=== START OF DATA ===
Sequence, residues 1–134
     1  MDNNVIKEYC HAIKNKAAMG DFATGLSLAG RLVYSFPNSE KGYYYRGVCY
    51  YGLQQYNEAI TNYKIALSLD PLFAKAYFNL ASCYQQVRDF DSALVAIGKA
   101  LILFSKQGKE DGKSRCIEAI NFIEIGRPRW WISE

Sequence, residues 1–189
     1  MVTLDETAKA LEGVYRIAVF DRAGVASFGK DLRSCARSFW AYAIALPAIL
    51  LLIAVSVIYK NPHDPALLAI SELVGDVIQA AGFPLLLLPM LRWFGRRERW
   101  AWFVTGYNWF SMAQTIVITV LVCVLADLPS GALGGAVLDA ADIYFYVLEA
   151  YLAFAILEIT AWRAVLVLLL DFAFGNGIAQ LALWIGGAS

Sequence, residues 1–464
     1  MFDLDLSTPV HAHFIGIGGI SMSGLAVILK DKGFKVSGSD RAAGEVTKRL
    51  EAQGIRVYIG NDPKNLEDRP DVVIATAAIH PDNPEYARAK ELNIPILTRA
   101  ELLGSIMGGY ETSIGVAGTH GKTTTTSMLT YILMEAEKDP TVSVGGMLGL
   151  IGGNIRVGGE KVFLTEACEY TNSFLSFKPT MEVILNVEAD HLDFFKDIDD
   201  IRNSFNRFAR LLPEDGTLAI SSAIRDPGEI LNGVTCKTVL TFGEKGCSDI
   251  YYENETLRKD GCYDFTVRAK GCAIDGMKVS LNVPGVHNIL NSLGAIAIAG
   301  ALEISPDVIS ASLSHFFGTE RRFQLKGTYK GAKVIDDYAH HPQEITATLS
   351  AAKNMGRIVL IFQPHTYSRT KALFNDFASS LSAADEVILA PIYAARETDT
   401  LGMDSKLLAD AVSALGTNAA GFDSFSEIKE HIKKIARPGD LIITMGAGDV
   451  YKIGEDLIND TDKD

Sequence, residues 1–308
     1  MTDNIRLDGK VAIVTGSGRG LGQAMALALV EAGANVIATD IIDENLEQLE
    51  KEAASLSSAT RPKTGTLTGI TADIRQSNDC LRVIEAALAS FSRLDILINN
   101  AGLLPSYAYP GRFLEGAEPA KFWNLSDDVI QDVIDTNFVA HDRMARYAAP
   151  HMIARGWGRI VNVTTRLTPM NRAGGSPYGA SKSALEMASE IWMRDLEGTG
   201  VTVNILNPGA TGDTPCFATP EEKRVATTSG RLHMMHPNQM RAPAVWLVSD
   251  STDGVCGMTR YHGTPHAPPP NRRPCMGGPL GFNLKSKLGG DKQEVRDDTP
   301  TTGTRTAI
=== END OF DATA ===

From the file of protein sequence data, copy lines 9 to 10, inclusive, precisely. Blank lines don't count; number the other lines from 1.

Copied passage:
   151  YLAFAILEIT AWRAVLVLLL DFAFGNGIAQ LALWIGGAS

Sequence, residues 1–464